Hover behavior for pipeline cards introduced in GitLab 13.2.
In the pipeline graph view, downstream pipelines display as a list of cards on the right of the graph. Hover over the pipeline’s card to view which job triggered the downstream pipeline.
To retry a completed downstream pipeline, select Retry ():
- From the downstream pipeline’s details page.
- On the pipeline’s card in the pipeline graph view.
To cancel a downstream pipeline that is still running, select Cancel ():
- From the downstream pipeline’s details page.
- On the pipeline’s card in the pipeline graph view.
You can mirror the status of the downstream pipeline in the trigger job
trigger_job: trigger: include: - local: path/to/child-pipeline.yml strategy: depend
trigger_job: trigger: project: my/project strategy: depend
After you trigger a multi-project pipeline, the downstream pipeline displays to the right of the pipeline graph.
In pipeline mini graphs, the downstream pipeline displays to the right of the mini graph.
needs:project to fetch artifacts from an
In the upstream pipeline, save the artifacts in a job with the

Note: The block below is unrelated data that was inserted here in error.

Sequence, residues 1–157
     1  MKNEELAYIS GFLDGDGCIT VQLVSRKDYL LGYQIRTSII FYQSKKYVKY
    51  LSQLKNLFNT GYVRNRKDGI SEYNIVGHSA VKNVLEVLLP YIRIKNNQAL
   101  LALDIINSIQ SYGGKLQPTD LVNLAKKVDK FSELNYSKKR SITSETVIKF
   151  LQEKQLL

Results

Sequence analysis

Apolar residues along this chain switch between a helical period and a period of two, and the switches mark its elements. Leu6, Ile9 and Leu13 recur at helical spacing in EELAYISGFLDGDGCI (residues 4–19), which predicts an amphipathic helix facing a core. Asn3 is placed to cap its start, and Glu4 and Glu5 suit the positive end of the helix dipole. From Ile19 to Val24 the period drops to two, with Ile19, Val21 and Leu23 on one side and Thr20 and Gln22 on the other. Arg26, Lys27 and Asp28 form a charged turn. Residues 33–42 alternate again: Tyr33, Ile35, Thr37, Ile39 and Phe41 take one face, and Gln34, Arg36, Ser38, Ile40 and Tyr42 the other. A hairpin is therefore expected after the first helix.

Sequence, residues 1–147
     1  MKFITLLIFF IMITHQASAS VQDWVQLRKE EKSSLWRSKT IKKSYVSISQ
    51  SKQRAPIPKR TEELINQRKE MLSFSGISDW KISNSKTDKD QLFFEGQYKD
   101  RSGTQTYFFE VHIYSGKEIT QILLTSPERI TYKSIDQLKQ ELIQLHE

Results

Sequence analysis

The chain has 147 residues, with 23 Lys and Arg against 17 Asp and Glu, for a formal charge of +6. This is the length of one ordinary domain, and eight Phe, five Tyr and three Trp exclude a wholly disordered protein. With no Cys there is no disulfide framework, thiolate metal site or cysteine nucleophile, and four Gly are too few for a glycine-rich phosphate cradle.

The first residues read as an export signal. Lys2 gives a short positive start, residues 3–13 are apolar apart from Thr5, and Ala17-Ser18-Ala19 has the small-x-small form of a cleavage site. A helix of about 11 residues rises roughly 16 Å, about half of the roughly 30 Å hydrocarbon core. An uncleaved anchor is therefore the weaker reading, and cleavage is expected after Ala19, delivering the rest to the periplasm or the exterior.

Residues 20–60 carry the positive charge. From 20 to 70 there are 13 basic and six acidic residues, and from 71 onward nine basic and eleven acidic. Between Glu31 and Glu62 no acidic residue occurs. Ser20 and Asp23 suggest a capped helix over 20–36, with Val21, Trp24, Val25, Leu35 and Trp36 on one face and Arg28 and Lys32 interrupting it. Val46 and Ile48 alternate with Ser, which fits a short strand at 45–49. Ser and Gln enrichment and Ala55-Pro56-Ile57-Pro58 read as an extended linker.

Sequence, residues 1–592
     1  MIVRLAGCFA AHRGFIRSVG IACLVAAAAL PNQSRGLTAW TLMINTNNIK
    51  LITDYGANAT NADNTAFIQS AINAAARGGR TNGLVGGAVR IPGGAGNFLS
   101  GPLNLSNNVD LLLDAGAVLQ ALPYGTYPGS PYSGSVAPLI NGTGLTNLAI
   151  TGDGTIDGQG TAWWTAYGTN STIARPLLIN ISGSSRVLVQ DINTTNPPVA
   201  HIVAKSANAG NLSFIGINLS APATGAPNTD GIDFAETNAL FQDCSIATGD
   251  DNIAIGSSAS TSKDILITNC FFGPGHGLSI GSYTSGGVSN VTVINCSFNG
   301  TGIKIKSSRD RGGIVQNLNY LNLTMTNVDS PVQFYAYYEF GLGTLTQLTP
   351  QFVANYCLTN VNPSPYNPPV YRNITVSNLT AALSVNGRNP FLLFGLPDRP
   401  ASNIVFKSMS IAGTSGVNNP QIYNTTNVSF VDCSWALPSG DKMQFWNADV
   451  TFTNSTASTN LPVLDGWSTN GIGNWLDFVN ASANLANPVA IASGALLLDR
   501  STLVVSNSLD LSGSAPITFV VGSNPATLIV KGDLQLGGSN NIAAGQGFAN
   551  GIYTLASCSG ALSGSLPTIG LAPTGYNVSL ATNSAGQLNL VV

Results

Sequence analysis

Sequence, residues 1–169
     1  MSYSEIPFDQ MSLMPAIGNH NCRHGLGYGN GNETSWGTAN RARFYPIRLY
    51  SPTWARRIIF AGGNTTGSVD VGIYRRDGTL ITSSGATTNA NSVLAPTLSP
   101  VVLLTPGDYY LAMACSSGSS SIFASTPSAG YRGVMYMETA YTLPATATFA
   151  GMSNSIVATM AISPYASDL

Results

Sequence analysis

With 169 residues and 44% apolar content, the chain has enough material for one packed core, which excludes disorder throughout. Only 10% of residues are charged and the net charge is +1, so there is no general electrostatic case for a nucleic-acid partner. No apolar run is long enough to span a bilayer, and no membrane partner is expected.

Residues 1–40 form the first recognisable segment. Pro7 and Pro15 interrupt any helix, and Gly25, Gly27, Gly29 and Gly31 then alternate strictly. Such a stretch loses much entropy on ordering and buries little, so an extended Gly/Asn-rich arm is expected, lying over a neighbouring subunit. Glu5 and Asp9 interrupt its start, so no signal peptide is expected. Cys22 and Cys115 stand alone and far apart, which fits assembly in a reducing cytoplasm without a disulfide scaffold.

artifactskeyword, then trigger the downstream pipeline with a trigger job:
build_artifacts: stage: build script: - echo "This is a test artifact!" >> artifact.txt artifacts: paths: - artifact.txt deploy: stage: deploy trigger: my/downstream_project
needs:projectin a job in the downstream pipeline to fetch the artifacts.
test: stage: test script: - cat artifact.txt needs: - project: my/upstream_project job: build_artifacts ref: main artifacts: true
jobto the job in the upstream pipeline that created the artifacts.
refto the branch.
When you use
needs:project to pass artifacts to a downstream pipeline,
ref value is usually a branch name, like
For merge request pipelines, the
ref value is in the form of
id is the merge request ID. You can retrieve this ref with the
CI/CD variable. Do not use a branch name as the
ref with merge request pipelines,
because the downstream pipeline attempts to fetch artifacts from the latest branch pipeline.
To fetch the artifacts from the upstream
merge request pipeline instead of the
CI_MERGE_REQUEST_REF_PATH to the downstream pipeline using variable inheritance: